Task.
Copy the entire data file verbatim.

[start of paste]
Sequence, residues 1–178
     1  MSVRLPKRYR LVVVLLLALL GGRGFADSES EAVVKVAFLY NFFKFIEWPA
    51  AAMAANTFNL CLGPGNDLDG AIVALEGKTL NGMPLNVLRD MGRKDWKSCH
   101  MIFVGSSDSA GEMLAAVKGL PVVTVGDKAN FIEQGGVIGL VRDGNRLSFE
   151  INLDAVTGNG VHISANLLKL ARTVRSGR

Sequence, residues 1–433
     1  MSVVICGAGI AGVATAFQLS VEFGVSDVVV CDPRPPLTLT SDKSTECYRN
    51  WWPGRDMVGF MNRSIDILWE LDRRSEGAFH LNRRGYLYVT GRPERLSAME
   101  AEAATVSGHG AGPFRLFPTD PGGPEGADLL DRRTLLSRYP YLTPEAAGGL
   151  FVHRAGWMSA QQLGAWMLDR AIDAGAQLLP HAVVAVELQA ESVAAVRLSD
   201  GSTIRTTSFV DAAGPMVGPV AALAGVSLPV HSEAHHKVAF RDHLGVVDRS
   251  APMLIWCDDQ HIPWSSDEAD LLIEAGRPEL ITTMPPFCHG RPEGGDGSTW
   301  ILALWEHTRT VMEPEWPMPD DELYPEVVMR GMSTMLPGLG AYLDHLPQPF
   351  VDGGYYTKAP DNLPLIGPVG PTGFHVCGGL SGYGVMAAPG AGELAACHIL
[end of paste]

Sequence, residues 1–178
     1  MSVRLPKRYR LVVVLLLALL GGRGFADSES EAVVKVAFLY NFFKFIEWPA
    51  AAMAANTFNL CLGPGNDLDG AIVALEGKTL NGMPLNVLRD MGRKDWKSCH
   101  MIFVGSSDSA GEMLAAVKGL PVVTVGDKAN FIEQGGVIGL VRDGNRLSFE
   151  INLDAVTGNG VHISANLLKL ARTVRSGR

Sequence, residues 1–433
     1  MSVVICGAGI AGVATAFQLS VEFGVSDVVV CDPRPPLTLT SDKSTECYRN
    51  WWPGRDMVGF MNRSIDILWE LDRRSEGAFH LNRRGYLYVT GRPERLSAME
   101  AEAATVSGHG AGPFRLFPTD PGGPEGADLL DRRTLLSRYP YLTPEAAGGL
   151  FVHRAGWMSA QQLGAWMLDR AIDAGAQLLP HAVVAVELQA ESVAAVRLSD
   201  GSTIRTTSFV DAAGPMVGPV AALAGVSLPV HSEAHHKVAF RDHLGVVDRS
   251  APMLIWCDDQ HIPWSSDEAD LLIEAGRPEL ITTMPPFCHG RPEGGDGSTW
   301  ILALWEHTRT VMEPEWPMPD DELYPEVVMR GMSTMLPGLG AYLDHLPQPF
   351  VDGGYYTKAP DNLPLIGPVG PTGFHVCGGL SGYGVMAAPG AGELAACHIL